Thursday, April 24, 2008

Building a Leader's Image.

There's no shortage of ways to bust your image. Here are eight common mistakes executives make- and you should avoid - that have a negative effect on their leadership image.

Too much seriousness.

Leaders don't need to be serious to be taken seriously. Leaders who are overly reserved look wooden, stiff and uncaring. A smile goes a long way. Show that you can take a joke or handle pressure with graciousness and warmth.

Weak speaking skills.

In a media-saturated world, people know a good speaker when they hear one. The standard is high, and a leader with a flat or monotone vocal style, inappropriate volume or poor diction isn't tolerated. Whether talking one-on-one or speaking to a crowd, pay attention to how you speak, not just what you say.

Lack of clarity.

Of course, what you say is enormously important, too. Leaders who speak with clarity of thought and message covey an image of effectiveness in a way that a leader who rambles or speaks disjointedly does not. If the message is unclear and non-specific, the listeners will tune out and assume you don't know what you're talking about.

Self-absorption.

Leaders who overuse the words I, me and my are isolating themselves and not engaging their audience. People prefer to be a part of something, not just the recipient of your efforts. Even if something is your idea, your vision and your responsibility, keep in mind that your job as a leader is much bigger than yourself.

Lack of interest.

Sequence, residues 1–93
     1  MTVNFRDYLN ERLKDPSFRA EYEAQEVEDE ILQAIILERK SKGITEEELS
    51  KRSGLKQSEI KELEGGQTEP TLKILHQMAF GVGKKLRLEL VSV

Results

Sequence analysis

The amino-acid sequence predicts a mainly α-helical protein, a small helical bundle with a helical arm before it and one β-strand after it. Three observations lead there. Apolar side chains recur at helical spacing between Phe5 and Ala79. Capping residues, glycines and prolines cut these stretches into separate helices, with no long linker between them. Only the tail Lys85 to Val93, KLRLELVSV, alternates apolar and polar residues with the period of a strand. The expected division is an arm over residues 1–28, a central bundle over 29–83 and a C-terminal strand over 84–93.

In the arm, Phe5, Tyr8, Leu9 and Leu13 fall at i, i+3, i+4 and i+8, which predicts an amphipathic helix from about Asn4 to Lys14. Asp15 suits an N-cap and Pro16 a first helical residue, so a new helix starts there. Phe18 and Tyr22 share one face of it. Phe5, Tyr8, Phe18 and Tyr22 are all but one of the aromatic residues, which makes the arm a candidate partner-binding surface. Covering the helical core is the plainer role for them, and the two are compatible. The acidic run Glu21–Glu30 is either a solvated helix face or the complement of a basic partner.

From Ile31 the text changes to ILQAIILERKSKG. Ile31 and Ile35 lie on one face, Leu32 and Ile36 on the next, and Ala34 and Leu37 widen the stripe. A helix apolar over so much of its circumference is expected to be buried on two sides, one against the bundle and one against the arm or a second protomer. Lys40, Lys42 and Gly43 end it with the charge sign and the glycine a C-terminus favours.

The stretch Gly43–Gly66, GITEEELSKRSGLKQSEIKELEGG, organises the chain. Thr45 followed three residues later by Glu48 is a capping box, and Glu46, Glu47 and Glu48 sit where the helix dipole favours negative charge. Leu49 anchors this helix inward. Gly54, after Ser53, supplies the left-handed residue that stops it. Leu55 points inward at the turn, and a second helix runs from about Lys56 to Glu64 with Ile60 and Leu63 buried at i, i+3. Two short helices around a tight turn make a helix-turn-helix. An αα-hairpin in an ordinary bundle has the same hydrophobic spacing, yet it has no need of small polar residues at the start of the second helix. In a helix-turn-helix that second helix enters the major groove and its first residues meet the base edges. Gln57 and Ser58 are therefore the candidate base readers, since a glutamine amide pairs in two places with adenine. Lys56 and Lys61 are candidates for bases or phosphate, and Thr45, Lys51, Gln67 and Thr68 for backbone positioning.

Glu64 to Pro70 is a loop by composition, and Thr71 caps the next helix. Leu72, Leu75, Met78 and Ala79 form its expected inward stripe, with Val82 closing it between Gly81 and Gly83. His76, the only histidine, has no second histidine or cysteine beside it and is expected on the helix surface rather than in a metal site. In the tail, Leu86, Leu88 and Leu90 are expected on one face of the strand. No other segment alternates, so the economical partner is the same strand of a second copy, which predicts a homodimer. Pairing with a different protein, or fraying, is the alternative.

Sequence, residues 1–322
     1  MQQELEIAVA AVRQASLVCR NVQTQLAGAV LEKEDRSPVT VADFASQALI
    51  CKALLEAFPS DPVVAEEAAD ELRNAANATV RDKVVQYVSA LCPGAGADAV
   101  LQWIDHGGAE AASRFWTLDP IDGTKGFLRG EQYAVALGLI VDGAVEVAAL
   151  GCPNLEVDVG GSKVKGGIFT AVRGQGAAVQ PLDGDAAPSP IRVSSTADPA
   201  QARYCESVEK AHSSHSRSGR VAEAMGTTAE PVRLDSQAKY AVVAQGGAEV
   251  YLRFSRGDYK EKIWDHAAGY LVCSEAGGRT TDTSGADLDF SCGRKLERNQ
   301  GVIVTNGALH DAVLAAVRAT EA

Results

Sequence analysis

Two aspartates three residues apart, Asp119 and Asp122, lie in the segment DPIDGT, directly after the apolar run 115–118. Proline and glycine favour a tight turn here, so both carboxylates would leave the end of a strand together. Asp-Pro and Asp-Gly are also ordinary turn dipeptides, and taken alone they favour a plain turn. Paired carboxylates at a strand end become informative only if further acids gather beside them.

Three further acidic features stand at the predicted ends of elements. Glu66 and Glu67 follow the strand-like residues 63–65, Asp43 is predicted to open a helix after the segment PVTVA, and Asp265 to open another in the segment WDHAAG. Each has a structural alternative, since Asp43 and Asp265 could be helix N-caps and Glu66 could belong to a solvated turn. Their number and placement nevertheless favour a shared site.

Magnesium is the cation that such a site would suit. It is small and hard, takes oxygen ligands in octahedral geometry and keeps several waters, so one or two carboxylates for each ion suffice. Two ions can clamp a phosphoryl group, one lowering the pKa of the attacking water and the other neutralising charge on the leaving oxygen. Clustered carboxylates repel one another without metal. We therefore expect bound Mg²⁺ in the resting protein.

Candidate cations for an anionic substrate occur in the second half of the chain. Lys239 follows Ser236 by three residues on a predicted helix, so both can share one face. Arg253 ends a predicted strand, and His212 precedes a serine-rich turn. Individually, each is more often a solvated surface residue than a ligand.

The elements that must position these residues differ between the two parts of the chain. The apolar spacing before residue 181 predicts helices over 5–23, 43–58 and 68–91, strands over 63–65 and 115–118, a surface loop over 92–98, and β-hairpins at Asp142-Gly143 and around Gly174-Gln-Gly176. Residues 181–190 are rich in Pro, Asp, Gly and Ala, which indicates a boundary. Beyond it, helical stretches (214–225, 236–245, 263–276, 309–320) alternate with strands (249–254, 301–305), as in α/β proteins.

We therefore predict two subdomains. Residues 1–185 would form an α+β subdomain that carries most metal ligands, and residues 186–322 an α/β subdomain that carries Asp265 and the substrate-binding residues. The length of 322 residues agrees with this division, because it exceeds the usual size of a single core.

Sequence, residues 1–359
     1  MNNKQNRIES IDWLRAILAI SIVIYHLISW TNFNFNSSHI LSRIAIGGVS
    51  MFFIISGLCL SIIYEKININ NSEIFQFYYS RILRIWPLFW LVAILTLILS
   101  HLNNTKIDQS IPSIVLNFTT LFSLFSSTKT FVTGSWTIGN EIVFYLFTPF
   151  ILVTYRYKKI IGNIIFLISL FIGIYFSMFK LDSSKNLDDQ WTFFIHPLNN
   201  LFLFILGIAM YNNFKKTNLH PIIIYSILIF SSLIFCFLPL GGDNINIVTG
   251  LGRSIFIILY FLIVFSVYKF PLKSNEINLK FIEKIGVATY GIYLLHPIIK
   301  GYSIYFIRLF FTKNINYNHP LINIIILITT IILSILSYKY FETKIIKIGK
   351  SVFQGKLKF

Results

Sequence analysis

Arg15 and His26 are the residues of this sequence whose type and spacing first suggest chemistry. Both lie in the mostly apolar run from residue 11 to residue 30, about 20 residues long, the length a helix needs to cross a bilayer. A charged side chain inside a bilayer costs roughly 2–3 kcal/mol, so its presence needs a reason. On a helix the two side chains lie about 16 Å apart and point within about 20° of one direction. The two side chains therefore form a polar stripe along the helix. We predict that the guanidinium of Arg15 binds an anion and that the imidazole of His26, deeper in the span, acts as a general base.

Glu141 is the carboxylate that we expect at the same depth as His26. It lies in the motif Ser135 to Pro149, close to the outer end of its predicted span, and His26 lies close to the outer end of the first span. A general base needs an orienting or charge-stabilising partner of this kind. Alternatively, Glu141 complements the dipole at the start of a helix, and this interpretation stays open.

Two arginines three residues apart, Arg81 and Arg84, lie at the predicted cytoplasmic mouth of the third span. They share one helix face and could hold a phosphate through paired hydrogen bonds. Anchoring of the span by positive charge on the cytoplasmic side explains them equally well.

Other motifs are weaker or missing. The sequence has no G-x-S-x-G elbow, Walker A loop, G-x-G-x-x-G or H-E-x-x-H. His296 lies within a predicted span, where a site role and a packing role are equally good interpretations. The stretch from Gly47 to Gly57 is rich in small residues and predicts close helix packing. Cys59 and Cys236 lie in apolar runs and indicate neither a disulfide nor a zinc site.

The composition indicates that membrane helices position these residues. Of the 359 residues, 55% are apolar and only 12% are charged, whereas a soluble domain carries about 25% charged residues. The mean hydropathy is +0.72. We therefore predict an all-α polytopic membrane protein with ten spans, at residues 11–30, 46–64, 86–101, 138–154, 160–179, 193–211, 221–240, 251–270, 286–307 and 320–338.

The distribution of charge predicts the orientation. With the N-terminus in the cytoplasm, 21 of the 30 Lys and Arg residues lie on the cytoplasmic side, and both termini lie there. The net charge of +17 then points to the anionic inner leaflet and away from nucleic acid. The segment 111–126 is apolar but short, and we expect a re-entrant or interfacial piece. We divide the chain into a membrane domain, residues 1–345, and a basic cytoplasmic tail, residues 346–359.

Think back to when you were in school - which teachers captured your attention and imagination? The energetic teachers who seemed to loved their job or the ones who lectured dispassionately from the podium? Energy, interest and passion for your work are incomparable assets. Are you interesting and genuinely interested in what you are saying and doing? Obvious discomfort It's painful to watch a leader who is uncomfortable in front of a crowd or awkward in conversation.

If you are tentative or uncomfortable in the roles you play, people begin to doubt your ability to be an effective leader - especially in difficult situations. Inconsistency. Over time, your image becomes tied to your larger reputation. If you have a reliable pattern of behavior - one that is reflected in what you do and how you do it - your leadership image will be seen as genuine. Inconsistencies, in contrast, form an image of a leader who is flaky, insincere or dishonest. Defensiveness. Confidence and assurance is undermined when a leader is on the defensive. An unwillingness to consider other views, a knee-jerk defense of your position or decision, or an inability to seek and hear feedback all undermine your image as a capable, effective leader.

Building a Leader's Image: Asset or Liability?

Your effectiveness as a leader is tied to your image.

"Your ability to project a leadership presence in the eyes of employees, customers and others is closely related to your ability to do your job well," says CCL's Corey Criswell. "Your image, then, can be either an asset or a liability as you engage in the tasks and roles of leadership."